Later Is Now brings together a heterogeneous group of artists that undermine, subvert or challenge the anthropocentric implications of language. The title, borrowed from Bernard Aspe's text1 which itself is a quote from Cormack McCarthy's The Road, hovers like a dark cloud over the exhibition. In The Road, a post-apocalyptic story where life is reduced to extremes, there is no time for superfluous activities. In his essay, Aspe uses The Road as antithesis to illustrate our ‘liquid’ society which is impeded by our anxieties that result from our negative projections into the future, stopping us from living fully in the present. Without being answerable to a text, or to questions of art and life, the work of Sónia Almeida, Eduardo Batarda, Kris Lemsalu, Musa paradisiaca and Jannis Varelas, are manifestations that help to deal with some of the aspects of Aspe's text, through the possibilities of art to codify and inscribe complex ideas into a concrete reality, compounded by context, interpretation, and associative interrelations between things. The exhibition combines a series of proto-forms of language, close to pre-verbal communication or aphasia, as a way to escape the constraints of language that in their opacity, create a space for individuation outside the oppressive nature of the rational.
Jannis Varelas' seemingly abstract paintings use childlike, pre-verbal, elements alongside violent or playful gestures that fill zones of the canvas. Without hierarchy, geometric volumes, and primitive and vernacular figurations come together with stereotypical symbols from the pre emoji period of language. These elements function as lures that immerse the viewer in the pictorial scene, but also contaminate the potential meaning of the juxtaposed elements. Varelas' paintings function as walls where everything is on the same surface, with the same value. The paintings become enclosures for difference, resulting from the receptivity of the artist to a breadth of input: from classical philosophy to contemporary culture, from the academic to the vernacular.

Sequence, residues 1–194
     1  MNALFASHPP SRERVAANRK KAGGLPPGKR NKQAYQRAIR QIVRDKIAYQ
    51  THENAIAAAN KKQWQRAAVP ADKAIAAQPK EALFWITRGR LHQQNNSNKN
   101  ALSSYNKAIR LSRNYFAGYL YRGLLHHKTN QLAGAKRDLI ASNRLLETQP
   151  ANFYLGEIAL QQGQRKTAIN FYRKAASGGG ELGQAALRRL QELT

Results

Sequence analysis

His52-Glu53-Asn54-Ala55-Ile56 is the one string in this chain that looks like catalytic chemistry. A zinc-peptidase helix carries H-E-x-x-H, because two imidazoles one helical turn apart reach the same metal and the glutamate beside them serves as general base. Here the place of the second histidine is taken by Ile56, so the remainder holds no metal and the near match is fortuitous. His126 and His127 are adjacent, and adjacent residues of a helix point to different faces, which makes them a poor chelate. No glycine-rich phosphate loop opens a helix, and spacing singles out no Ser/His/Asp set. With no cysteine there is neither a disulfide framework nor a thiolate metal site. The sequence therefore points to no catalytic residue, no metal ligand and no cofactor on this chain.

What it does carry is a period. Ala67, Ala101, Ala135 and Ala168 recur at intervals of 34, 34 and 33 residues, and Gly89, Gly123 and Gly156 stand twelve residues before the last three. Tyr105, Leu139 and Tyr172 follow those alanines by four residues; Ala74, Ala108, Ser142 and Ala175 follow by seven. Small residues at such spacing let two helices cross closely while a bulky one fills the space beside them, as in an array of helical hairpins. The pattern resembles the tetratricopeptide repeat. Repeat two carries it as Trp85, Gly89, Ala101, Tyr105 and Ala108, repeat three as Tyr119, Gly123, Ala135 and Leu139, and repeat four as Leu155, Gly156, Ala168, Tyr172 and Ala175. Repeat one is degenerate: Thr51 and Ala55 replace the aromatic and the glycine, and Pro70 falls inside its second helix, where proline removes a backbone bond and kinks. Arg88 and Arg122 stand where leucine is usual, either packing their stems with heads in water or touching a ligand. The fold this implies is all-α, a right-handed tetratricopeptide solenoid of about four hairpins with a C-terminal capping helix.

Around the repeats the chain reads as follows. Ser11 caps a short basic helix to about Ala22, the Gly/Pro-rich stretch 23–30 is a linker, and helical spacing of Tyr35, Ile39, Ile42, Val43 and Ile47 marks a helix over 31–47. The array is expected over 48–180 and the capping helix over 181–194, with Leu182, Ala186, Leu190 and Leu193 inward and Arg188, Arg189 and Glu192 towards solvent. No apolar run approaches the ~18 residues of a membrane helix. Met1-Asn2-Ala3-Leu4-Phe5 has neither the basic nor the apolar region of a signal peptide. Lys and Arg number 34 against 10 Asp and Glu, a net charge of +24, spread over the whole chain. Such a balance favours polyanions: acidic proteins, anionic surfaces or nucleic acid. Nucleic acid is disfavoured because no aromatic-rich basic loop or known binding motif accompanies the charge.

Eduardo Batarda's complex oeuvre oscillates between figuration and abstraction, erudition and superficiality. Its subversive humour, and veiled cultural and social critique can be understood in the context of Portugal and the cultural climate created by the authoritarian Estado Novo dictatorship (1932 - 1974). The two canvases in the exhibition were made after his Misquoteros exhibition3 at EDP foundation in Portugal. The texts were selected and taken out of context by traditional processes of collage and chance. Found mainly on the internet, Batarda uses lame jokes, popular psychology, dictionaries, sociology, and other sources of the banal. Reworked over the year on a computer, the quotes are decontextualised, reorganised and left open to free association before being painted over an abstracted ground informed by previous works by the artist. Deliberately refusing "to meddle with social and global problems [the works] self-consciously dissociate themselves from the problems of life in death (in other words from the broad consensus), about which everyone, no doubt, expects artists to pontificate."4 The act of painting text releases the artist from the traditional dichotomy of illusion and abstraction and the heavy history of painting, thus liberating his practice from cliché5.